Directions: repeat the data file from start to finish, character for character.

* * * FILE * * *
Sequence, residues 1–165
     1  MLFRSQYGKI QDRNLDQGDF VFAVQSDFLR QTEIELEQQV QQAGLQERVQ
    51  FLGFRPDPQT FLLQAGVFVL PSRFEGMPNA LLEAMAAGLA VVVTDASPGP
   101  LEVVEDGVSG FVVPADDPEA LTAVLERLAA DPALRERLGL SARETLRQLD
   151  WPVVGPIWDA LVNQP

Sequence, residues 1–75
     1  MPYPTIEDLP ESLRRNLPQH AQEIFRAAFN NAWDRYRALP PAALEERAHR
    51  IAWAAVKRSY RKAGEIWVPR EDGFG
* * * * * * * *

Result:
Sequence, residues 1–165
     1  MLFRSQYGKI QDRNLDQGDF VFAVQSDFLR QTEIELEQQV QQAGLQERVQ
    51  FLGFRPDPQT FLLQAGVFVL PSRFEGMPNA LLEAMAAGLA VVVTDASPGP
   101  LEVVEDGVSG FVVPADDPEA LTAVLERLAA DPALRERLGL SARETLRQLD
   151  WPVVGPIWDA LVNQP

Sequence, residues 1–75
     1  MPYPTIEDLP ESLRRNLPQH AQEIFRAAFN NAWDRYRALP PAALEERAHR
    51  IAWAAVKRSY RKAGEIWVPR EDGFG